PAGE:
Tag Archive: statistics

Holiday Sales are Expected to be UP by Double Digits in E-Commerce

December 17th, 2018

Black Friday has already gotten off to a strong start!  According to Coresight Research, holiday sales are expected to be up by 4% whereas e-commerce will be up 16%!   Target had a goal to hire more than 120,000 people for the holiday season which is a 20% increase. UPS planned to hire 100,000 which is up 5,000 from last year (maybe because they had to spent $125 million extra last year to fix delays because they were short staffed).  And FedEx planned to hire 55,000 additional seasonal workers which was a slight increase from last year (and they expect a record-breaking year).

Is your business seasonal?  What are you expecting? Is anyone in your supply chain focused on seasonal business?  Perhaps you should find out!

What Should We Consider and/or What Impacts Could Arise?
Are you prepared for the holiday season?  I find this is somehow a common issue among clients.  The smartest of clients tend to miss holiday season trends.  For example, I worked with one client for several years and key workers took off during the holiday season for extended vacations every year.  Yet, it seemed to be a constant surprise when we struggled to keep up with demand.  Of course, our customer’s demand didn’t decrease, even in a non-holiday industry. Of course, clients focused on consumer products always struggle to predict holiday sales as you cannot start producing in December! When I worked with Coca-Cola Enterprises, employees only got Christmas day off because holidays were always BIG.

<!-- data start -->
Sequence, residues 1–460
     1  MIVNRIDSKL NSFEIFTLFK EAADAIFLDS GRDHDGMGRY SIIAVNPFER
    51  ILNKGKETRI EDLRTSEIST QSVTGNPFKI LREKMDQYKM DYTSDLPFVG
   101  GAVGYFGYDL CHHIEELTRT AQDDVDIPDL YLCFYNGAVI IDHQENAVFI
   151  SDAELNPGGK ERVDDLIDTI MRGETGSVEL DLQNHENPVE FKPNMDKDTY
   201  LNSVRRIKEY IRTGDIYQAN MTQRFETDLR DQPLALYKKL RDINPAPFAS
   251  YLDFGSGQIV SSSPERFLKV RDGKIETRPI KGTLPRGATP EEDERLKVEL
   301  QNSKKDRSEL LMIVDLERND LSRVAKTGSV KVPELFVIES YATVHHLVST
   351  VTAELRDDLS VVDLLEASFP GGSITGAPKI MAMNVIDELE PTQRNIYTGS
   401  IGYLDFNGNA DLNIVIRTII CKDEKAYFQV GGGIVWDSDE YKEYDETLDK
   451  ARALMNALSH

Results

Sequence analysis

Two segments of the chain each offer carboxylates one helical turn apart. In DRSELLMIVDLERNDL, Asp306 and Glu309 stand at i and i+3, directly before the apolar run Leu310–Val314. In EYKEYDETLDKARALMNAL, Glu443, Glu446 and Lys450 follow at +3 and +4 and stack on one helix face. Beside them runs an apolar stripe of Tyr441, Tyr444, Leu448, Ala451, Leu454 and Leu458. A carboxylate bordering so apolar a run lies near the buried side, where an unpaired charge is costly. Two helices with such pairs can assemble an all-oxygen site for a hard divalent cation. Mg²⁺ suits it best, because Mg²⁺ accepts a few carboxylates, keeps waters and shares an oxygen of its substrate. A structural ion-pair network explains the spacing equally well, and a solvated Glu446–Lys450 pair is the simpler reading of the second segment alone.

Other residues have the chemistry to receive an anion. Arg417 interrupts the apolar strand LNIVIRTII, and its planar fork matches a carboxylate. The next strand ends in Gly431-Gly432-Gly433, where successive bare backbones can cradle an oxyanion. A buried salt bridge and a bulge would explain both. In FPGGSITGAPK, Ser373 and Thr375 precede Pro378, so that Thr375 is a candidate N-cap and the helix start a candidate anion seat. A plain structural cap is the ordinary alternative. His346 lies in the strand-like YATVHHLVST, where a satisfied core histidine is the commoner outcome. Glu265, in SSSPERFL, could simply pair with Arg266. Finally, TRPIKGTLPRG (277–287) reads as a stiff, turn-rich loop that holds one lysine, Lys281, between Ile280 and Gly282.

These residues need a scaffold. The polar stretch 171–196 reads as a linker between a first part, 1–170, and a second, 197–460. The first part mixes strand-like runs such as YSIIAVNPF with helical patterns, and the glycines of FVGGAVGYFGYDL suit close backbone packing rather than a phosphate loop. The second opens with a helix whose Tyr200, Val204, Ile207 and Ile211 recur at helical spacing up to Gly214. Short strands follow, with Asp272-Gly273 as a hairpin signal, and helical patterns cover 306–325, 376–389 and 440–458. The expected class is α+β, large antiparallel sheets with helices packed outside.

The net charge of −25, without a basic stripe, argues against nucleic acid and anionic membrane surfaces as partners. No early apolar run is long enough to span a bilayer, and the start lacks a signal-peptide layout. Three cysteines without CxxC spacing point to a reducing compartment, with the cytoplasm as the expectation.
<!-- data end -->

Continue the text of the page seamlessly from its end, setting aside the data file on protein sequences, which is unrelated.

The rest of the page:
Think beyond your company.  Given the statistics above, do you think your carriers might be a bit busy during the holiday season?  How about your suppliers that might supply other holiday-intensive industries? Your trusted advisors? No matter the supply chain partner, perhaps a heads up surrounding holiday activity and expectations would be a good idea. Holiday season volatility is another good example of why you should create a resilient supply chain to navigate disruption and achieve peak performance.

Check out our new video and article series as well as our soon-to-be offered Rapid Resilient Supply Chain Assessment service.



People Rule

July 4th, 2018

Why does Southwest Airlines outperform the competition by a long shot in employee turnover (7% vs. 25% industry average)?  People!

As our long-term readers know, we believe that people rule!  There is just no doubt about it – our most successful clients are similar to Southwest and JetBlue as it relates to people – executives view them as assets; not costs.  Instead of stifling creativity and success, they encourage it!

We have to imagine that no one sets out to stifle creativity when they leave for work in the morning (it sounds like a miserable existence) . Yet that is what we find in the vast majority of companies.  Sometimes, it is due to the rules and regulations that are supposed to protect threats.

For example, recently we received dismal service from a major bank.  Certainly, the employee helping us with the transactions meant no harm and wanted to help. However, her overriding need was to remain employed which meant following rules to the T….and beyond.  Taking zero risks while servicing customers is clearly celebrated and we felt the pain. Our account kept going on hold for no reason. Checks bounced. Silly requirements were communicated (we ‘the bank’ missed a space on this form and so you must jump through 10 hoops so we can get our paperwork in order). The list wents on. We went up the chain to no avail. We must follow the 10 hoops, avoid cracks on the sidewalk (reminded me of Jack Nicholson in As Good as it Gets), swim the English channel and more…